Pontiac's Tempest went through a major transition in 1964. No longer a shirttail relative of the Chevrolet Corvair, it was fattened up and marketed as a family car. The "sporty" LeMans model featured standard bucket seats and unique trim moldings, but had the same engine combinations as all other Tempests.
To enhance their image, the product development folks at Pontiac Motor Division wanted to install the 389-c.i. V8 from their full-size cars into the LeMans. However, GM had a corporate edict that imposed a maximum engine size for a car of no more than one cubic inch for every ten pounds of weight. The heaviest Tempest crossed the scales at 3,260 pounds, so the 326-c.i. V8 was the largest allowed.
To sidestep this, Pontiac's engineers simply let the corporate brass approve the LeMans with the 326 engine in the fall of 1963. Since approval was only required on new models, the 389 engine was added as a $295 option package shortly after introduction, and named the GTO. Besides the 389 engine, it added special exterior and interior badging, simulated engine-turned dashboard and glovebox facings, and simulated hood air vents. Thus the age of the muscle car was born.
The 389 GTO used high-compression heads from Pontiac's 421 HO engine, and was fed by either a single four-barrel carburetor (325 horsepower) or triple two-barrel induction (348 horsepower). While a three-on-the-tree manual transmission was standard, four-speeds and the Hydra-Matic were popular options.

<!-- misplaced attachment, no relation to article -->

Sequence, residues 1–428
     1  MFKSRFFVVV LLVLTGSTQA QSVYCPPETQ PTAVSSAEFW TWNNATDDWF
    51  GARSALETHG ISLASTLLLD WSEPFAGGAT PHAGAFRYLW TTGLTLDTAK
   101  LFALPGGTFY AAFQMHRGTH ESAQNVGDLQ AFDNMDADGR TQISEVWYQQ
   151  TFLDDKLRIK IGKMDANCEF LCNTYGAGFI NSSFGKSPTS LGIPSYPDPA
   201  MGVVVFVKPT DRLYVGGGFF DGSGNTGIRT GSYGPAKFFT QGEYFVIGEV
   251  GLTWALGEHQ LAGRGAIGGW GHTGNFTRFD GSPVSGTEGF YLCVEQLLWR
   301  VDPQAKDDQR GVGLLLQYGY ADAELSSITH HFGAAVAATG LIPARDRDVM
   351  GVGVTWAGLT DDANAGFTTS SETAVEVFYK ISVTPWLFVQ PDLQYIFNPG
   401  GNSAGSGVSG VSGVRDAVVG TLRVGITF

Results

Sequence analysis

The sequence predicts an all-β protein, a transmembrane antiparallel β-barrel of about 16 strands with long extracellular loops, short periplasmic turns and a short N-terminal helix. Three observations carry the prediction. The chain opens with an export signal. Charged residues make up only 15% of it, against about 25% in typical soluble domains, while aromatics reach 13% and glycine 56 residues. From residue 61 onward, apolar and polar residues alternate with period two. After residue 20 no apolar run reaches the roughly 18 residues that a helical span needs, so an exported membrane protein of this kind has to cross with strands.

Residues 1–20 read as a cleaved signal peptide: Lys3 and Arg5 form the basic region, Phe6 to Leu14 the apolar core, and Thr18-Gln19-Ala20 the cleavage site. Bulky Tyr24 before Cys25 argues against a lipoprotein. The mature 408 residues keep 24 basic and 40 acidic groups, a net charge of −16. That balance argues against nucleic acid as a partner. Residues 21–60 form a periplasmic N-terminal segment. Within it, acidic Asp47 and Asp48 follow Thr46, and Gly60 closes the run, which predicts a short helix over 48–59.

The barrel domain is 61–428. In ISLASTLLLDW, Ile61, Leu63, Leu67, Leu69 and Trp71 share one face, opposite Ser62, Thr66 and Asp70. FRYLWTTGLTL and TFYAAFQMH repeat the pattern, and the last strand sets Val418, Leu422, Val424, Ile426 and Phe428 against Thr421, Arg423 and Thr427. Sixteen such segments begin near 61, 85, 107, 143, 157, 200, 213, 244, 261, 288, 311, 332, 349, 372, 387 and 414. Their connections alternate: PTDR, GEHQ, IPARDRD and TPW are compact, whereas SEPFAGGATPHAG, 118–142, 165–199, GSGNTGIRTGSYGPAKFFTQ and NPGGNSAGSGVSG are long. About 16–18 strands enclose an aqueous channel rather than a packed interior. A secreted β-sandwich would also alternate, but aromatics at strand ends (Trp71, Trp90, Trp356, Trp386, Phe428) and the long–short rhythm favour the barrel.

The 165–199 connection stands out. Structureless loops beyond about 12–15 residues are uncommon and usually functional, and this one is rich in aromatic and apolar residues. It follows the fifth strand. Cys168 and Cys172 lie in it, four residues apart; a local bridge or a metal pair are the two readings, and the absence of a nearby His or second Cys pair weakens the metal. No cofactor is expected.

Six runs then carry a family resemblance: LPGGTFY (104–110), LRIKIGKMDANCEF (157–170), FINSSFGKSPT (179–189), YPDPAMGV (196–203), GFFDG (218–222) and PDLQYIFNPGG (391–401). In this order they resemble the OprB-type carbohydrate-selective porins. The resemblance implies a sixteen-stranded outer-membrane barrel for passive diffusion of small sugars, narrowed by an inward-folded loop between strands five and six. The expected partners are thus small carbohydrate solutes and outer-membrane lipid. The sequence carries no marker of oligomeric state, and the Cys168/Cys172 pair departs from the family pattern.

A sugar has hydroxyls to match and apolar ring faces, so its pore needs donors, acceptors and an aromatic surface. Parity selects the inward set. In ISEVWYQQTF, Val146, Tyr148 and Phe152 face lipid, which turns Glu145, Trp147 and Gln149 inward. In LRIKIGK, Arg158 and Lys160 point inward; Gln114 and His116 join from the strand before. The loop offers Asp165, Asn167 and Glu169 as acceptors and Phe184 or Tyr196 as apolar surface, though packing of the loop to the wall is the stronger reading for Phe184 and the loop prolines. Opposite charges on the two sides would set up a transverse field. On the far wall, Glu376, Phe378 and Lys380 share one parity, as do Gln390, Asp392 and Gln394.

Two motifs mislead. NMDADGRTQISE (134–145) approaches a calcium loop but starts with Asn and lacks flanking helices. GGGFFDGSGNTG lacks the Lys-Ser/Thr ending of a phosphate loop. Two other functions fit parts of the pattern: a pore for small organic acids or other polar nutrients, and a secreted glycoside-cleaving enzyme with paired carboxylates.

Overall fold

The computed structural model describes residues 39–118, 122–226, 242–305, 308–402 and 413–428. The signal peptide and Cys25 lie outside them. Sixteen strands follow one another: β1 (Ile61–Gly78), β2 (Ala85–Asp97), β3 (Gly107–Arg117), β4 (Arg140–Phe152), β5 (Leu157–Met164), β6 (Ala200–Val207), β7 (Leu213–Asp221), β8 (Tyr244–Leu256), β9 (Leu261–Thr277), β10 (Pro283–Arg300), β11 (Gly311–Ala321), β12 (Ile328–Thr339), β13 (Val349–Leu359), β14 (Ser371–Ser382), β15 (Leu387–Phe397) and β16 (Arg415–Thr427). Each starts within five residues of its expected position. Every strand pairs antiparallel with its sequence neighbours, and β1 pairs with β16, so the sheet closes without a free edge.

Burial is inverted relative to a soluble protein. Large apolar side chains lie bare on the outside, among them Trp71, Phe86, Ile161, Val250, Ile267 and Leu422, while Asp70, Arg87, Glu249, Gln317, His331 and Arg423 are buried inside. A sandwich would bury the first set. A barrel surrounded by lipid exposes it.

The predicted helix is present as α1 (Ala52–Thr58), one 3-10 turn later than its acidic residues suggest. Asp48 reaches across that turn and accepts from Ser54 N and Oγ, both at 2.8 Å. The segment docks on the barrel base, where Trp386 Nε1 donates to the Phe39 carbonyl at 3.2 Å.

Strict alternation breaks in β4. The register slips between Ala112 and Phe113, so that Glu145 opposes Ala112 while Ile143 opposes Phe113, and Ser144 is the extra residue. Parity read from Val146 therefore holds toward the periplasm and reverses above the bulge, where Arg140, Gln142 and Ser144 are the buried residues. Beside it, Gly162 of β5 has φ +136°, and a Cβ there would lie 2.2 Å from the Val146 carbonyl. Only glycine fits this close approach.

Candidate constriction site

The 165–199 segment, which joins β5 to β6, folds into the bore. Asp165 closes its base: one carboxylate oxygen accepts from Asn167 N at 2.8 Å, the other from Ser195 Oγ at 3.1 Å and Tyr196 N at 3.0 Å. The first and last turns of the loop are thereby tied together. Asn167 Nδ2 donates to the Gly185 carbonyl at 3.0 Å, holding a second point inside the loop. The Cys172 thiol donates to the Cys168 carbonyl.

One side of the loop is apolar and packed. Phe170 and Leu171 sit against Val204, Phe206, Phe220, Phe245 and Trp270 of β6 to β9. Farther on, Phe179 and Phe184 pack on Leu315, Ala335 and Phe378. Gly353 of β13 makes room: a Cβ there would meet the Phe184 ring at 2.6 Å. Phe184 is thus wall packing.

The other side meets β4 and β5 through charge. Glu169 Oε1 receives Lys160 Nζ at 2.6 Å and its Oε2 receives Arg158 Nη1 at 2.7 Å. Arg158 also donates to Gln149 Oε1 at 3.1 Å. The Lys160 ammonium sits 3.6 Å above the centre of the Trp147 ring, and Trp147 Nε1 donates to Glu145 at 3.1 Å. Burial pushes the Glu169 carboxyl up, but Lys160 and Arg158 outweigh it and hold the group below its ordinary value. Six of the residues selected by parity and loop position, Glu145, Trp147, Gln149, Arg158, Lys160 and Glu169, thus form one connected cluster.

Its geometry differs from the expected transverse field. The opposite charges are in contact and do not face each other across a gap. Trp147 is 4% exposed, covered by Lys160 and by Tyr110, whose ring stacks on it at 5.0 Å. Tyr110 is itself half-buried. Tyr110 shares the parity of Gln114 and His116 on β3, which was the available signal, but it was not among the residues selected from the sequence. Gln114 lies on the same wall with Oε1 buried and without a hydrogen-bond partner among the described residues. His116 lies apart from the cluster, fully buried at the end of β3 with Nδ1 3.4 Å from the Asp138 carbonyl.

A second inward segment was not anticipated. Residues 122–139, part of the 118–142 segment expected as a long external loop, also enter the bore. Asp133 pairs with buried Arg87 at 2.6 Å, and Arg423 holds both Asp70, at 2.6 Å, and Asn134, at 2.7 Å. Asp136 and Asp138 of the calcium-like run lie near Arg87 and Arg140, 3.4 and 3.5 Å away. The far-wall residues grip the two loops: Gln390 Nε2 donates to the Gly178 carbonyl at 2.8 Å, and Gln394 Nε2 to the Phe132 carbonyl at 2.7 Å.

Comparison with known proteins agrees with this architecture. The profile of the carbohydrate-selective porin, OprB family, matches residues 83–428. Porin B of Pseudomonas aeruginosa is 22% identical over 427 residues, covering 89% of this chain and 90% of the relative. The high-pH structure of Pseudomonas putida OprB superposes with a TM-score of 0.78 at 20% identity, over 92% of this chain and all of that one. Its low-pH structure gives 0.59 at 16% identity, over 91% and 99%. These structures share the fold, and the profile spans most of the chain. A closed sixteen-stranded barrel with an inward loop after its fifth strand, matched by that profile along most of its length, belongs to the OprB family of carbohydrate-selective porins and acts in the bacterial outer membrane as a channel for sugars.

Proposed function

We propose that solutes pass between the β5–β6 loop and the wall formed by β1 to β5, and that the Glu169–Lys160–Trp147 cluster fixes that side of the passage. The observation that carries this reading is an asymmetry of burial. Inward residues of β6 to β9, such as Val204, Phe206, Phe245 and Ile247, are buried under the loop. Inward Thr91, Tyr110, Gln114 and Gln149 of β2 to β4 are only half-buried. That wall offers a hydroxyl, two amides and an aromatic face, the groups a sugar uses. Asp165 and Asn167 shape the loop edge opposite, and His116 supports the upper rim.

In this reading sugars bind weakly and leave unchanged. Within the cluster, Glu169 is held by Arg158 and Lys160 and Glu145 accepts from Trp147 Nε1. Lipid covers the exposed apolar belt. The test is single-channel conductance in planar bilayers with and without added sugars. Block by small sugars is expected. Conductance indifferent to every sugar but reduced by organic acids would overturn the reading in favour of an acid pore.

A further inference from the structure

The car turned 15-second quarter-mile runs at 91 miles per hour, and had an alleged top speed of 122 miles per hour. Even with substandard brakes, the GTO's high power-to-weight ratio and affordable price gave it widespread appeal. In 1964 32,450 of all body styles were sold.
The majority were driven hard when new, and have not often had pampered lives since. Cars with any type of story or numbers mismatch to them, while possibly making interesting drivers, should in no way be looked upon as a safe investment. Verifiable original cars, on the other hand, have nowhere to go in value except up. GTOs are a cultural icon for the early '60s (helped in no small part by Pontiac's own PR department), and convertibles have recently sold at auction for as much as $35,000.
A word of warning, though. Created almost as a covert operation, the 1964 GTO is not difficult to fake. If there has ever been a car that exemplifies the saying "there are more red convertibles in existence now than were originally built," it's the GTO. All the GTO-specific trim pieces are readily available from aftermarket catalogs, so someone with a GTO-specification block (1964-66 was one of the few times that Pontiac didn't serialize their engines), heads and an eight-cylinder LeMans body could build a very convincing fakey-doo.

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